Why We Do It!

To Serve & Protect the Lives and Property within our Community.

About the Nichols Volonteer Fire Department

The Nichols Joint Fire District and Wappasening Hose Company proudly protects an area of 34.21 square miles within the village & Town of Nichols, New York. We operate out of one station that protects a primarly rural area. Our department is a public department whose member are on a all volunteer status.

Located about 30 miles west of Binghamton in New York's Southern Tier area, the Nichols VolonteerFire Department provides Fire Protection & Rescue, EMS, and Fire Police services to a combine Village and Town fire district. Organized in 1908, the Nichols VolonteerFire Department is an all-volunteer organization.

Monday, January 24, 2011

Nichols Fire Dept. Ice & Water Rescue

Members of Nichols Fire Department's Ice and Water Rescue Team conduct Ice Water Rescue Training.

Friday, January 14, 2011

Fire Prevention: Proper Escape Plan Becomes Essential

The fire prevention saying of “Play it safe, Plan your escape” has a lot of meaning for everyone’s daily routine.

Usually we walk into a building the way we leave, through the main entrance. “No big deal,” most will say, “we do this when entering any building, even our homes.”

What if, and it has happened, this path of travel through the main entrance is blocked because of a fire? What do you do then?

A proper plan of escape now becomes essential. Preplanning maximizes a safe escape and is part of everyone’s daily fire prevention duties.

It only takes a moment to do a quick survey, upon entering a building, and plan an escape. Knowing two exits out of a building requires nothing more than a glance around. You can also try getting in the habit of taking an exit other than the normal entry.

A facility may have the maximum occupancy allowed. If something should happen, most people will head for the main entrance automatically. This action could result in injury or loss of life in a fire situation. Everyone should be aware of an alternate exit out.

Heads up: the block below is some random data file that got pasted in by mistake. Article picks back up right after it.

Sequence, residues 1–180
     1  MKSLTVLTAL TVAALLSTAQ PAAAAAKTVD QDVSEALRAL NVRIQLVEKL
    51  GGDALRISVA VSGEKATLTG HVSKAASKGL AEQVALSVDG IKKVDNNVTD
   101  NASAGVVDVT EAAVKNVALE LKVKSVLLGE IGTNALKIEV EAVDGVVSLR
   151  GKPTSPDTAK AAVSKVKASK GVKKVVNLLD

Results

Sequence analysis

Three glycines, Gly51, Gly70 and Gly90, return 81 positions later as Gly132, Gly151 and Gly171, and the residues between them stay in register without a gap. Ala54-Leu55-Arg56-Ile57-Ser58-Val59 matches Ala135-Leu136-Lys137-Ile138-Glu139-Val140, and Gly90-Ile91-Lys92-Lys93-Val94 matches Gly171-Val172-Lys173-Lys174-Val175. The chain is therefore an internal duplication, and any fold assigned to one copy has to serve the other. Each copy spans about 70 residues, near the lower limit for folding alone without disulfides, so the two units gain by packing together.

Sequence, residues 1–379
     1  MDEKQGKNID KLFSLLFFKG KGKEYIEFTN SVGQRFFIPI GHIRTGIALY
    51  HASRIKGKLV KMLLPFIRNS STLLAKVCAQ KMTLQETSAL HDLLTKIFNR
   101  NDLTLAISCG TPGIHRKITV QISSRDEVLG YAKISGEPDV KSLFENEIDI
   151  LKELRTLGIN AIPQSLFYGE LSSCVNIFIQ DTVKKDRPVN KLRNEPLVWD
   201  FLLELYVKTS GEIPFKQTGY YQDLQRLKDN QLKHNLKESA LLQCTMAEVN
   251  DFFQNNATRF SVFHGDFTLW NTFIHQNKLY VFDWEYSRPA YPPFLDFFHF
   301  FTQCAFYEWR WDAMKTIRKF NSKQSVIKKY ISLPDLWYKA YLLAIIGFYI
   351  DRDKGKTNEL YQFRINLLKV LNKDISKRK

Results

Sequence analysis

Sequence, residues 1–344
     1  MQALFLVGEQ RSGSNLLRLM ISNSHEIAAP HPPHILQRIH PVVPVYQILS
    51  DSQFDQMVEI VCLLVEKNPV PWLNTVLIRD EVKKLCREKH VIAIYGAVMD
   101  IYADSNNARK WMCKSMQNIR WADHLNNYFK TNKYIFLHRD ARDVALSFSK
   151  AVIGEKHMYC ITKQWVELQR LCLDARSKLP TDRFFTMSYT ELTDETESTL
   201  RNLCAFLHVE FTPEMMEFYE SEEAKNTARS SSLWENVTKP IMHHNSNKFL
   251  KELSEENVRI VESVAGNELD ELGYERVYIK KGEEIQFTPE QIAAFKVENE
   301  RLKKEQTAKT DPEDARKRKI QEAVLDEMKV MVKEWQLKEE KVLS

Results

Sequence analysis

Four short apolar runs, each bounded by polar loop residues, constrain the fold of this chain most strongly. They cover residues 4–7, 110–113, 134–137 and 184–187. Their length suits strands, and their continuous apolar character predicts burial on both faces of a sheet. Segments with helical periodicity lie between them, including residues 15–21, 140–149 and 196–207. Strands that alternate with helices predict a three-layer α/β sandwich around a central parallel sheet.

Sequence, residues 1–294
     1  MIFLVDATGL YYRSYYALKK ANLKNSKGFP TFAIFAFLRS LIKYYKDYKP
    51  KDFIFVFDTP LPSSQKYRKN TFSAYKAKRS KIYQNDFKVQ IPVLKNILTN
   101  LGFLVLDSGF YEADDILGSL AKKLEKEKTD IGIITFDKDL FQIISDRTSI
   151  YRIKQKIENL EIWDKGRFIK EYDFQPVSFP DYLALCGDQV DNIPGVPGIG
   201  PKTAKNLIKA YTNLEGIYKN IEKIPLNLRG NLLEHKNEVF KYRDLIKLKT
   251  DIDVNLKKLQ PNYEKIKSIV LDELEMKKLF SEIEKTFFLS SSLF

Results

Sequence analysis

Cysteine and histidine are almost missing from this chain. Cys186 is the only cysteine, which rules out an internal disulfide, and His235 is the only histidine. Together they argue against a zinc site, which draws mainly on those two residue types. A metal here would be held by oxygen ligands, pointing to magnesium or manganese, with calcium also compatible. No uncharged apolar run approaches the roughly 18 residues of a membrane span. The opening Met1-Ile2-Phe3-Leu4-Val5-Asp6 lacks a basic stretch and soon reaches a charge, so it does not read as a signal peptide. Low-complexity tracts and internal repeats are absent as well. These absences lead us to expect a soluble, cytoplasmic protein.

In our homes we all have a feeling of security that nothing bad will happen. Seventy percent or so of fatal fires in homes occur between 8 p.m. and 8 a.m.. This fact makes it even more important to have a home escape plan. Exit Drills in the Home, otherwise known as E.D.T.H. plan is a good way to begin.

Have a diagram or floor plan of your home showing locations of all doors and windows. Each family member should know two routes out, from every room. Bedroom doors should always be kept close at night to keep fire away if one should start. In a fire situation, check doors by touching the upper part first. If it’s hot do not open in. Exit out another door to the outside or a window. If the home is a multi-story building, open a window and wait for the fire department’s assistance. It’s a good idea to have smoke detectors installed on every level of the home. Test them monthly and change the batteries each year.

If a fire occurs, all family members should leave the home quickly, closing doors behind them to help confine smoke and fire. Do not stop to take possessions along. Report the fire immediately.

No one should ever go back into the house that’s on fire. People die or are injured because fire intensify and can get worse in a matter of seconds. Have a pre-arrange meeting place outside the home.

Your local fire department can answer questions concerning the establishing a fire escape plan.

Learn Not to Burn, Be fire Safe.


First Monday Of Each Month at 7:00 PM

MONTHLY DRILL (Monday): Second Monday Of Each Month at 7:00 PM

MONTHLY DRILL (Sunday): Third Sunday Of Each Month at 10:00 AM

MONTHLY MEETING NIGHT: Third Monday Of Each Month at 7:30 PM